2Fuji-640

Japan: Shredding The Dream

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Mt. Fuji is the tallest mountain in Japan with it’s top 3776 meters (12,389 ft)  above sea level.  It’s an active stratovolcano which means that its capable of explosive  and quiet eruptions, (this I’m learning while writing about it, after I bombed down the mountain!) Last eruption was around 1707, and many leading scientists say it can and will erupt at any time. The mountain is surrounded by the legendary “Aokigahara” or “Sea of Trees” or also internationally known as the “Suicide forest”.

The nickname comes from the fact that they every year bring out over +50 dead bodies found in the forest, people that decide to end their lives by wandering off and getting lost. I have been traveling and living on the road for a year and half now, skating hills all over the world. One of my dream mountains to ever skate has been this particular one that I’ve described above. It’s been a dream and something I really wanted to do for a long time.

I couldn’t get any sleep the previous night, and when Ayumi knocked on the door I was quick enough to answer before she had even said anything. We were packed and ready in the car  just in time for the sunrise when we pulled out of Ayumi’s tricky and very tight labyrinth she calls her driveway, (It’s a wonder how this woman managed to get the car out of there without scratching the sides off! But she handled it like a boss!).

Thanks to my friend Brad Bennet, who’s known as one of the first Mt. Fuji rippers, we had gotten the insights on what road was the smoothest to ride from him.  We knew now where we were headed (at least one of us did) and once I could start glimpsing the top of the mountain the biggest smile reached my face and a great happiness filled within me, I saw the sun shining and realized that this would be a beautiful day! The thought of skating this legendary piece of nature and supposedly being the first woman to ever do this created a feeling I’m finding hard to describe in words.

My first run was down Subaru line road. It’s amazing how fast I picked up speed when ever I’d step into my tuck. Pretty wide for a Japanese road and a couple of wide hairpins and heaps of sweepers that I could just tuck and gain more speed through. Traffic was pretty hectic though, it was a Sunday after all. But I felt safe knowing that I had Ayumi in the car behind and the road being signed with 50km/h signs all over also made me feel relaxed as I was probably riding a good +25 km/h over the limit. Like always it’s so fun to see the expression on the drivers heading the opposite way up, a little wakeup spark in the Zenned mind of the Japanese look. I love it!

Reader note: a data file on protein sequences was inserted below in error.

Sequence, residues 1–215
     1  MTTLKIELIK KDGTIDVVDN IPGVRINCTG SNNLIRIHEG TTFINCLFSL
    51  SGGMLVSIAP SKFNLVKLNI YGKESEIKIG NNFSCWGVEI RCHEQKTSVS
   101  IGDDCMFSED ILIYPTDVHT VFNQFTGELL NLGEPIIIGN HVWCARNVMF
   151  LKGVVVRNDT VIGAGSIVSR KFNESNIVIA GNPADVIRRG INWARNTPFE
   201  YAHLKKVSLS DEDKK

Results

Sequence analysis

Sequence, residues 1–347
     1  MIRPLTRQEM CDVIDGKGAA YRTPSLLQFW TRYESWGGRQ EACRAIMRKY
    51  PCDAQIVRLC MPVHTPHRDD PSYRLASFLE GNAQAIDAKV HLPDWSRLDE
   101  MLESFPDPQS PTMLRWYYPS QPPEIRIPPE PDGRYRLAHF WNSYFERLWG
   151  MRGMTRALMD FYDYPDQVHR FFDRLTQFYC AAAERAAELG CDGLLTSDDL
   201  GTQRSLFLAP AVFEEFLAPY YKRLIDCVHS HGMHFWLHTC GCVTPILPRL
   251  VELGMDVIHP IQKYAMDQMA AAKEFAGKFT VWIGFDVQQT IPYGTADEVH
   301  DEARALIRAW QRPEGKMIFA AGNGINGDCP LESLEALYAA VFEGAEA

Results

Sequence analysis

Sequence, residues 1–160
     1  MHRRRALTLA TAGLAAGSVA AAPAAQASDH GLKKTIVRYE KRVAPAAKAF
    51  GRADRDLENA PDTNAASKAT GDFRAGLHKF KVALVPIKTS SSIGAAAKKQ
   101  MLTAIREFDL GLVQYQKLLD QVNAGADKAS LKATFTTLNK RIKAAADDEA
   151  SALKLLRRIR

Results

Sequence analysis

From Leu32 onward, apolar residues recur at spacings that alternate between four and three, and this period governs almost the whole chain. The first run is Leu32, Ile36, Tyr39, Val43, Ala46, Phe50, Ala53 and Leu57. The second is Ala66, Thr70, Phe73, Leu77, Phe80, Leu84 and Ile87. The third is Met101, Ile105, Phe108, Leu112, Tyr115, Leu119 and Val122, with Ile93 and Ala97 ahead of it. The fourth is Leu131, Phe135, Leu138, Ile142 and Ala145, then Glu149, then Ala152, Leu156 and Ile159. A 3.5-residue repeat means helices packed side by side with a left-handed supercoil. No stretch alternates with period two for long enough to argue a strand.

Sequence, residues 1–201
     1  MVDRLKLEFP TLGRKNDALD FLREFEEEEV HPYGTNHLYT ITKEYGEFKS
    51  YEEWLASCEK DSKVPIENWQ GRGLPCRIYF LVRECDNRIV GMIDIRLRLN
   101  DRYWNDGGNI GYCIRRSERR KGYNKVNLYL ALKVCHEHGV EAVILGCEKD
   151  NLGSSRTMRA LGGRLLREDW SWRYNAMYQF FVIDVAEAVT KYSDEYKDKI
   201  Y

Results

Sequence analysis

After skating over +22 km down the hill ( and maybe 10 km more cause we went up half way to do it again after the first run) we relocated and headed over to the other side of Mount Fuji.

Ayumi had found another road that led up to the top. This part of Fuji is what I would probably call a paradise for drifting hooligans. Such beauty! The top had great views over the whole stretch, and mountain ranges that cross around Japan. It was such a beautiful and clear day. I lost my count of hairpins, but it must have been at least 20 or more, never ending steep banked huge chicanes is a good way of describing this road.

There was heaps more traffic on this side though, (or maybe the fact that it was getting closer to lunch time made it more crowded). Japanese drivers are good, they are pretty calm and they’ll usually, almost all of the time keep to their lane. In comparison to what I had to deal with in South America, I feel safe here.

The run ends in a beautiful, tight, fast and long windy way through the “Sea of Trees”.  All the history, and all the stories that this forest holds is not unnoticeable.  The trees give such a mystical feeling and the red fall leaves lying piled all over the road just added the extra stoke as I wrapped up an amazing day of skating Mt. Fuji!

My time here in Japan has been amazing. I am so happy for all the friends I’ve made, especially my good mates Ayumi Oride and Brad Bennet who’s helped me and guided me during my time here. I’m so grateful to have met these dudes, and  to have been able to spend time  with Brad at his studio and gotten to know all kinds of interesting artists and people he’s introduced me to. Shortly I will be posting an article about this legend and his work! Truly cool.

I want to thank all my sponsors

Daddies Board Shop,

Kahalani

Abec11

Rayne Longboards

and repping

Longboard Girls Crew, for all the support and love whenever I come up with my new crazy ideas. These guys are always behind me and answer my stoke with possibilities and even more joy!

I am really stoked to be here at this time. Japan is really an unexplored territory when it comes to Longboarding, and the possibilities are endless. this country holds many magical spots, and I cant wait for the day when all my friends can come here and experience the great joy and fun that this culture, country and nature has to offer. I know that with time Japan’s longboard scene is gonna grow thanks to the inspiration and stoke that the rest of the world shares for the sport. It’s just a matter of time, and I am so happy to be able to be a part of this!

It’s f$@#!ing legendary!!

Much Love

Ishtar


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  1. Rob McWhinnie

    Amazing Ishta, so stoked you got over there to ride the mountains, see you soon for more traveling and skating the around the world.


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